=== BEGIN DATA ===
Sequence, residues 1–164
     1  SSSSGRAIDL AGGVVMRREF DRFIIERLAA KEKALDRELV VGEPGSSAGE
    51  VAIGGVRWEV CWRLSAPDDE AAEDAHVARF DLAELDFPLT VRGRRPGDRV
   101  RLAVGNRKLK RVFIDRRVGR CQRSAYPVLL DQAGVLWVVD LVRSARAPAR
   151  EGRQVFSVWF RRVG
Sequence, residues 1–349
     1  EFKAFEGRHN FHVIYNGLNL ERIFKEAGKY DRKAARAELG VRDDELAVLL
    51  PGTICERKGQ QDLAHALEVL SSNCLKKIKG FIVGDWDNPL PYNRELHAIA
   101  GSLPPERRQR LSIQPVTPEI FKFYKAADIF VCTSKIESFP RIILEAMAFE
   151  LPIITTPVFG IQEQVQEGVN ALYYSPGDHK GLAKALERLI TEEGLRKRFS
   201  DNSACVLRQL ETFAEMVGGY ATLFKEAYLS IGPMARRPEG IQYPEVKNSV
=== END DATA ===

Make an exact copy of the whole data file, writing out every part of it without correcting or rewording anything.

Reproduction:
Sequence, residues 1–164
     1  SSSSGRAIDL AGGVVMRREF DRFIIERLAA KEKALDRELV VGEPGSSAGE
    51  VAIGGVRWEV CWRLSAPDDE AAEDAHVARF DLAELDFPLT VRGRRPGDRV
   101  RLAVGNRKLK RVFIDRRVGR CQRSAYPVLL DQAGVLWVVD LVRSARAPAR
   151  EGRQVFSVWF RRVG
Sequence, residues 1–349
     1  EFKAFEGRHN FHVIYNGLNL ERIFKEAGKY DRKAARAELG VRDDELAVLL
    51  PGTICERKGQ QDLAHALEVL SSNCLKKIKG FIVGDWDNPL PYNRELHAIA
   101  GSLPPERRQR LSIQPVTPEI FKFYKAADIF VCTSKIESFP RIILEAMAFE
   151  LPIITTPVFG IQEQVQEGVN ALYYSPGDHK GLAKALERLI TEEGLRKRFS
   201  DNSACVLRQL ETFAEMVGGY ATLFKEAYLS IGPMARRPEG IQYPEVKNSV